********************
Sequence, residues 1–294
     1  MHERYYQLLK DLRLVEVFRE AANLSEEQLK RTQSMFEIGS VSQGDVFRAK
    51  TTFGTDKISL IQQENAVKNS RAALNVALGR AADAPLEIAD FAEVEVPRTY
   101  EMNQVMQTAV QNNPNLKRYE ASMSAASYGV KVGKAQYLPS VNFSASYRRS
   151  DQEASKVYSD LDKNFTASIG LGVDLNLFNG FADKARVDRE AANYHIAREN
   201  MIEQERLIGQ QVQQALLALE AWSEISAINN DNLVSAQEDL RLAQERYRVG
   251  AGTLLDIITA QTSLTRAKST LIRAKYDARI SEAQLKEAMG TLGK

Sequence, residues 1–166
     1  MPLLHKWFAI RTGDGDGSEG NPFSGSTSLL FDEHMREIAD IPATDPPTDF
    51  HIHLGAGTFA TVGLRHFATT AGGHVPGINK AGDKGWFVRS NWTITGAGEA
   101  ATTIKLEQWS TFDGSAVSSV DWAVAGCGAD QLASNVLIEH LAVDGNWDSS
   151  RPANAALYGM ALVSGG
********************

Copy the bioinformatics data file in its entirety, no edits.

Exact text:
Sequence, residues 1–294
     1  MHERYYQLLK DLRLVEVFRE AANLSEEQLK RTQSMFEIGS VSQGDVFRAK
    51  TTFGTDKISL IQQENAVKNS RAALNVALGR AADAPLEIAD FAEVEVPRTY
   101  EMNQVMQTAV QNNPNLKRYE ASMSAASYGV KVGKAQYLPS VNFSASYRRS
   151  DQEASKVYSD LDKNFTASIG LGVDLNLFNG FADKARVDRE AANYHIAREN
   201  MIEQERLIGQ QVQQALLALE AWSEISAINN DNLVSAQEDL RLAQERYRVG
   251  AGTLLDIITA QTSLTRAKST LIRAKYDARI SEAQLKEAMG TLGK

Sequence, residues 1–166
     1  MPLLHKWFAI RTGDGDGSEG NPFSGSTSLL FDEHMREIAD IPATDPPTDF
    51  HIHLGAGTFA TVGLRHFATT AGGHVPGINK AGDKGWFVRS NWTITGAGEA
   101  ATTIKLEQWS TFDGSAVSSV DWAVAGCGAD QLASNVLIEH LAVDGNWDSS
   151  RPANAALYGM ALVSGG